The players don’t engage in the war of words because, quite simply, that’s not their job. Periphery players like Anthony Dixon of the Niners and K.J. Wright of the Seahawks traded barbs within the last week, with the Niner special teamer and third-string running back calling the Seahawks the “She-hawks” on Twitter. The Seattle linebacker fired back, calling the 49ers the “Forty-Whiners” to complete the battle. Both players deleted their tweets several hours later, likely on the advice of their teams’ PR departments. Even Richard Sherman, normally vocal on whatever’s being discussed, has been mum.
However, there were other Seahawks that upped the ante in the offseason. After Harbaugh took his stance on PEDs earlier in the summer, Brandon Browner made some interesting comments about the ball coach. Browner, who served a suspension at the end of 2012, told Sports Radio KJR in Seattle, “he’s never gonna be out there lined up against me. I wish he would. I’d put my hands around his neck.” Although the 6-foot-4 Browner is known as one of the most physical corners in the league, taken for exactly what it is, it’s assault. Now, I’ll dismiss this as Browner misspeaking, wanting to say that he’d play Harbaugh physically.
Either way, it’s another shot fired across the bow in a matchup that's likely to be must-see TV for the next half decade.
Sunday night didn’t offer the quality of play that we’re used to seeing from these teams. Ill-timed penalties, poor play, and the Seattle crowd doomed the 49ers after the weather delay. The two teams fought to a draw for much of the first quarter, before Mother Nature played its part and delayed the game for an hour. When the two teams came back out, the rivalry was tossed aside and the word laugher came to mind. The 49ers couldn’t establish anything on the offensive side of the ball, turning the ball over five times. Additionally, they picked up 121 yards of penalties, including some huge personal fouls, which pushed Seattle from field goal or punt range to eventual touchdowns. It was a perfect storm. Marshawn Lynch wore down the Niners’ front seven by repeatedly ripping off ferocious runs. San Francisco lost nose tackle Ian Williams, on a questionable low block, to a broken ankle. Rookie safety Eric Reid was forced out in the first half with a concussion. Vernon Davis pulled up with a balky hamstring late in the game. And Ray McDonald was battling a slew of injuries throughout the entire affair.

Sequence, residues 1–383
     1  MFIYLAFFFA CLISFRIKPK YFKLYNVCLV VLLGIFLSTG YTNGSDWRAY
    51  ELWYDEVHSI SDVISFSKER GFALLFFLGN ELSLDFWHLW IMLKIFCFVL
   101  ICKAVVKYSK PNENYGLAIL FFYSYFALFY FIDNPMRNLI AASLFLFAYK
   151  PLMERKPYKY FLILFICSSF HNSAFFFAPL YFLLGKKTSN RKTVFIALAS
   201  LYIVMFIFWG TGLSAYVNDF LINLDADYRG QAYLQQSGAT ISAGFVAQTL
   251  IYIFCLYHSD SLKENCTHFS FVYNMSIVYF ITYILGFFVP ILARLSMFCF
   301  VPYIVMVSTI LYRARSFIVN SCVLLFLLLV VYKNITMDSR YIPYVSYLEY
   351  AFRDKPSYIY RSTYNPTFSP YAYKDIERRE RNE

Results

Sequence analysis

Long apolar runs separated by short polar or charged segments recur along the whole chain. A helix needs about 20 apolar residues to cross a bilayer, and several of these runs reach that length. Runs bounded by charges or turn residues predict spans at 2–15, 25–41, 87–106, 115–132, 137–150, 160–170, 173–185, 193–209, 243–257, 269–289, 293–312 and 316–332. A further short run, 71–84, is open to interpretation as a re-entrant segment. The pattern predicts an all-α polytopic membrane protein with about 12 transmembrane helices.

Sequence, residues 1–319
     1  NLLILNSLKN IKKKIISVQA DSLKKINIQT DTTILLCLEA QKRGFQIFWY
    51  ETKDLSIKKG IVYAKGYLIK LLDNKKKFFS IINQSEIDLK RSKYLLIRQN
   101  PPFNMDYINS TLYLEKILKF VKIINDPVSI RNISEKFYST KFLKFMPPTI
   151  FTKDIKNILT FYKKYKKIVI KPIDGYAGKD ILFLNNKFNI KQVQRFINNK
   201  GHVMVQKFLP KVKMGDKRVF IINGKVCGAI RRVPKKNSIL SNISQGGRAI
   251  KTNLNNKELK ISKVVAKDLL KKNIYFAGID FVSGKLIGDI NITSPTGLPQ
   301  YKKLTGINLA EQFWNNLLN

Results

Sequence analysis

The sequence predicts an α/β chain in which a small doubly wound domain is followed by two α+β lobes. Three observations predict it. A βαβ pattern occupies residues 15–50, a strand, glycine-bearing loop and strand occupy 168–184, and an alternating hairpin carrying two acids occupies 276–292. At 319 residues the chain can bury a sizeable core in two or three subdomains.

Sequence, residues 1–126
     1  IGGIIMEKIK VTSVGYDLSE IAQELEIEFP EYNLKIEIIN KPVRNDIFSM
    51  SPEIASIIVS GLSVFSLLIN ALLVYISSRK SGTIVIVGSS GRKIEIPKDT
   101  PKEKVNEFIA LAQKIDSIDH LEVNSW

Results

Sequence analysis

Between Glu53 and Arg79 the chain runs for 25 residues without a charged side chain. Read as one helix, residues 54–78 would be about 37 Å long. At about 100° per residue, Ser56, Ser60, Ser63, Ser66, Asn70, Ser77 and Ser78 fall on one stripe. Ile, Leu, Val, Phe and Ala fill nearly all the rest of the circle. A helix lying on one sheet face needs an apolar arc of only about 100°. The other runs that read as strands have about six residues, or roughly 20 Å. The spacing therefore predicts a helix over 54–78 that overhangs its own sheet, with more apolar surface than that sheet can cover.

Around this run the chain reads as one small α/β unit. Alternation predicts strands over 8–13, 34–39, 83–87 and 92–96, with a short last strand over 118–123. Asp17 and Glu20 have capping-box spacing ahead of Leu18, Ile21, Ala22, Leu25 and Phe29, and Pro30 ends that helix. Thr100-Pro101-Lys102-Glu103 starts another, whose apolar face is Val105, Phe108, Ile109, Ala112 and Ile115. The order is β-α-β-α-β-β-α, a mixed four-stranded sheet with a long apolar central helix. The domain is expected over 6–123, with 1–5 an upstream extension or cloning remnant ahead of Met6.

While Williams’ injury, barring Reid’s concussion tests, looked to be the only major injury, it’s not time to sound the warning signals for the 49ers. They were embarrassed in this same game last season, and we know they went on to greater things in the playoffs. They’ll regroup and ultimately will learn from some of the errors they made. For the rivalry, this is sure to only stoke the flames. Harbaugh is never short of emotion on the sidelines, and you could tell he was fuming behind his play sheet. By the end of the game, he was staring across the field, watching his rival laughing and slapping hands boisterously with his players and coaches. Carroll even challenged a fumble on a kickoff late in the game, which he did not necessarily need to do, but did so anyway. He might as well have poured a can of gasoline onto the flames of this rivalry.
I seem to recall some of the Ravens-Steelers games from years past being absolute bloodbaths in favor of one team. That only made the next game better. If the 49ers had scored a touchdown or two late in the game, there would still be something they could take from the loss. But, until the final whistle, they were manhandled. When they meet again on Dec. 8, each team will have four games left. Although this was a tone-setting victory for the Seahawks, signaling their intent to take the division and conference from the defending NFC champs, it’s very likely their next meeting, from Candlestick, will mean a lot more for both teams.